Our participation in the Angola Sickle Cell Initiative (ASCI) helped to create and implement a comprehensive sickle cell disease initiative in Angola, a country in southwest Africa. This initiative was designed to improve clinical care for children with sickle cell disease. The improvements targeted the screening, diagnosis, care, treatment, monitoring and evaluation of sickle cell patients. In addition, the initiative expanded provisions for research, capacity building, community mobilization, and health professional training in Angola. The Angola Sickle Cell Initiative was formed in 2011 as a partnership between the Angola Ministry of Health, Chevron Corporation, Baylor College of Medicine, and Texas Children’s Hospital.

Activities and Results

Newborn Screening Program (NBS)
The Newborn Screening Program tested newborns at 11 sites in Luanda and 11 in Cabinda from 2011 to 2020. Over 492,000 newborns were screened for sickle cell disease (SCD) and about 2.4 percent of these babies who screened positive were referred for confirmatory testing and treatment as appropriate. This screening program was a critical strategy for reducing SCD-associated morbidity and mortality by facilitating early enrollment in care for affected children, and allowed for an enhanced understanding of the birth prevalence of sickle cell disease in the country. 

Improving sickle cell care
New sickle cell disease management centers were established within municipal hospitals to provide treatment such as penicillin, hydroxyurea, vaccines, and insecticide-treated nets for existing patients with sickle cell disease and those who were through the Newborn Screening Program. These management centers (4 in Luanda and 1 in Cabinda) decentralized care and improved adherence by making it easier for patients to access care closer to home. The Angola Sickle Cell Initiative worked with indigenous healthcare professionals to improve the structure, organization and care that is provided at these very management centers. More than 5,500 patients were enrolled to receive care in these management centers in September 2020.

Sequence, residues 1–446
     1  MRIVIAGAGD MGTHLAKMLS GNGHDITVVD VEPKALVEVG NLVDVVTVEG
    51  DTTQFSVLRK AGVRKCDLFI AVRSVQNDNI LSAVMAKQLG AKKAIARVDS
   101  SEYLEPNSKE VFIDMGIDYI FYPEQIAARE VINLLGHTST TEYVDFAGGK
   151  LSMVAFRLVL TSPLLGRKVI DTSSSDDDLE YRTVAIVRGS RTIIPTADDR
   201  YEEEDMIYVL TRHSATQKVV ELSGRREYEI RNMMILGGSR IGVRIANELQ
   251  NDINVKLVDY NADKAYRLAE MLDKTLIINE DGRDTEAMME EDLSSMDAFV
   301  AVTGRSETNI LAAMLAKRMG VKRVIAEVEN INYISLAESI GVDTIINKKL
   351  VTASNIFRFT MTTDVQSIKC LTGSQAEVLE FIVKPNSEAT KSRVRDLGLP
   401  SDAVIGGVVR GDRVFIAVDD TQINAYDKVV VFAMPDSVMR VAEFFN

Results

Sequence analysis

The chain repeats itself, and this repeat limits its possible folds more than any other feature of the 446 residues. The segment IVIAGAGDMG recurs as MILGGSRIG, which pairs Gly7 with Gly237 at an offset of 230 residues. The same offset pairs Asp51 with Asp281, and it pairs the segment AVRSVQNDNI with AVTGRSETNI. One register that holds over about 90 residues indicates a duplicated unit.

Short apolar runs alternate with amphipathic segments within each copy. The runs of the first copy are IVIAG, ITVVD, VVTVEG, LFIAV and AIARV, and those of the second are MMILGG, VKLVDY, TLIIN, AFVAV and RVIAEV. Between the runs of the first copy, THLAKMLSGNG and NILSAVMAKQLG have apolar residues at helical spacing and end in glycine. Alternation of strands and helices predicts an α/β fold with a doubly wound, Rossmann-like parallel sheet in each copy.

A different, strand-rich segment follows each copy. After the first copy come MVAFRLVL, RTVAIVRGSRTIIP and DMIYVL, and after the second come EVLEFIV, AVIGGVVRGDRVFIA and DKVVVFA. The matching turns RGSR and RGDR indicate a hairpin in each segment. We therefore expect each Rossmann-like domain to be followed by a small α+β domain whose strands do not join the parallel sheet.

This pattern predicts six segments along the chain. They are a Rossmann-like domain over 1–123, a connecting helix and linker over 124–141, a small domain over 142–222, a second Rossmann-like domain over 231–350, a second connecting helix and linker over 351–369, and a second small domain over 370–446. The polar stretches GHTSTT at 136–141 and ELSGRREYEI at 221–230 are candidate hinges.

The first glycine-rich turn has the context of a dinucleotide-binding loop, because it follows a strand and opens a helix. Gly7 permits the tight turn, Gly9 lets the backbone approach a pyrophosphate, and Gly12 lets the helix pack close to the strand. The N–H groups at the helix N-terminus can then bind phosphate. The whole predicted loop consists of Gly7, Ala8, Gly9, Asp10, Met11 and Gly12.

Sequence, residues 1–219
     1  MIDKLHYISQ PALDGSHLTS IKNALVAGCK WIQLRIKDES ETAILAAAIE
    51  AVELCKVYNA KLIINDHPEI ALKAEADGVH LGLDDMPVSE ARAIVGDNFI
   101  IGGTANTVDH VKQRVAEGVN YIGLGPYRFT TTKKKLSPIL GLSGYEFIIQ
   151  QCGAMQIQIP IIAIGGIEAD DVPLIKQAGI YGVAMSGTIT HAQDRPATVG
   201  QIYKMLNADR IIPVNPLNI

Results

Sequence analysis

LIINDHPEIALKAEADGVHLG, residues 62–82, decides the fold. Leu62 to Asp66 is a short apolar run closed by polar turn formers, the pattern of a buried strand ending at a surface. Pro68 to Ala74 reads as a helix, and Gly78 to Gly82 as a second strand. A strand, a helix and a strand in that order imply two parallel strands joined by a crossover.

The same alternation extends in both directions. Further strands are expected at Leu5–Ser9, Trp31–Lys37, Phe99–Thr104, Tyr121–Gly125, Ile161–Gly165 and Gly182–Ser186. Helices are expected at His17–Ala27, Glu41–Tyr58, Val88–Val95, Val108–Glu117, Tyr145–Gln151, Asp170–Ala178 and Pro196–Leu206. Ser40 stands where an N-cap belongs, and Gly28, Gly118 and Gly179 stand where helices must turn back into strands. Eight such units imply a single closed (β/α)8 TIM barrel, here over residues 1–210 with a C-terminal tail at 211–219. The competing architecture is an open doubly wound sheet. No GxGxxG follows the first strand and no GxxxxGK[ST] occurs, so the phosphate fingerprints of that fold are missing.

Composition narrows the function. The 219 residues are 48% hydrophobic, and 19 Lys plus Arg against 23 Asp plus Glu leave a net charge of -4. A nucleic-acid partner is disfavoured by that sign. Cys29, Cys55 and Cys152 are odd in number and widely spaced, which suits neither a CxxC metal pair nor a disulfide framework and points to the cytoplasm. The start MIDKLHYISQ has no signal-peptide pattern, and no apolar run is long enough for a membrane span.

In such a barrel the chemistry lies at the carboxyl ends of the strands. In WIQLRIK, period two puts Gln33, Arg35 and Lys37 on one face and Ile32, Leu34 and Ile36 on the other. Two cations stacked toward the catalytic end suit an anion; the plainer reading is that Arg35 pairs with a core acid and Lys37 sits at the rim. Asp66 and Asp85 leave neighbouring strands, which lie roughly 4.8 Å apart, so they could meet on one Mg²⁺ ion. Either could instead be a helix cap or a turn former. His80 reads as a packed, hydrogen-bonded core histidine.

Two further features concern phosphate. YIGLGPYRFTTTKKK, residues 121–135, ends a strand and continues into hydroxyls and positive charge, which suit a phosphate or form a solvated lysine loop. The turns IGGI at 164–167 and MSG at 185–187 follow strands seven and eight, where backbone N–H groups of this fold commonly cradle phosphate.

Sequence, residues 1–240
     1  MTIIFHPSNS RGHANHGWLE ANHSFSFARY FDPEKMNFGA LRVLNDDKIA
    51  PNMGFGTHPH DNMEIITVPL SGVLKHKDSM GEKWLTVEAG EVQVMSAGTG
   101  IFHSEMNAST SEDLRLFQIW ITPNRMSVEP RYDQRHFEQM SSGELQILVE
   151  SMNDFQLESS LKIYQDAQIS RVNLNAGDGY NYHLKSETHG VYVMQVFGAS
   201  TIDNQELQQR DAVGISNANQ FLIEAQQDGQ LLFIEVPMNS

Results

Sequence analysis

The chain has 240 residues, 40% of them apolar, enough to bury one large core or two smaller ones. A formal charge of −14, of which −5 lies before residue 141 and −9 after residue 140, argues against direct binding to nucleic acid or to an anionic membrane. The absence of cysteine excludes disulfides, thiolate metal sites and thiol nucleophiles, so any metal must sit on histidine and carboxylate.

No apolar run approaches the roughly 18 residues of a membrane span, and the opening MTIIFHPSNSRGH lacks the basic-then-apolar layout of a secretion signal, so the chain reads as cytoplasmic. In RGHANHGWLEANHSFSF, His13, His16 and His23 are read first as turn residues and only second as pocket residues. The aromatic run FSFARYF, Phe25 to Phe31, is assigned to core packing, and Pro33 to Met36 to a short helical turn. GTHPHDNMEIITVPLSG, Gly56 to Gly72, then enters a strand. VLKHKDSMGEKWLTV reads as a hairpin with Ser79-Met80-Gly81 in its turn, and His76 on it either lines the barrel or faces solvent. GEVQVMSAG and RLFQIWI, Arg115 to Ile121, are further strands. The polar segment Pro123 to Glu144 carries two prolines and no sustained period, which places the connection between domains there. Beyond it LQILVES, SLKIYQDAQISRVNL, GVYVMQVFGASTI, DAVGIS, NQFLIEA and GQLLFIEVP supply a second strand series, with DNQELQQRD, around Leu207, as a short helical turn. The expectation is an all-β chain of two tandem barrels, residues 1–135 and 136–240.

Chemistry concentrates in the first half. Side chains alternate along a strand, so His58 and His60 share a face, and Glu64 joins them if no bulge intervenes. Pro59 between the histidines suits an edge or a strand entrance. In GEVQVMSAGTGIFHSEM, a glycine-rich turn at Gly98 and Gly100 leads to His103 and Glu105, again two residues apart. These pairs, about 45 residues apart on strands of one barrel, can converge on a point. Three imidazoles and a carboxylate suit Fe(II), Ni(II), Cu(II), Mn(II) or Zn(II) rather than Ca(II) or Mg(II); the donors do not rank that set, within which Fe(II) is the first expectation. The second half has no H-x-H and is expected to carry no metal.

To promote long-term sustainability of sickle cell diagnosis and care improvements, indigenous healthcare providers and ancillary service staff, as well as medical and nursing students were trained to screen children for and manage children with sickle cell disease. Consults and training were also provided for other hematological conditions such as hemophilia, aplastic anemia, and leukemia.

A comprehensive multimedia (print and online) training course was developed to train primary care providers in on sickle cell disease diagnosis and management. This course can be accessed at https://txchglobalhope.moodlecloud.com

Contact Us

Gladstone Airewele, MD 
Director, Global Hematology Programs

Elise Ishigami, MBA, MPH
Manager, Global Hematology Oncology Programs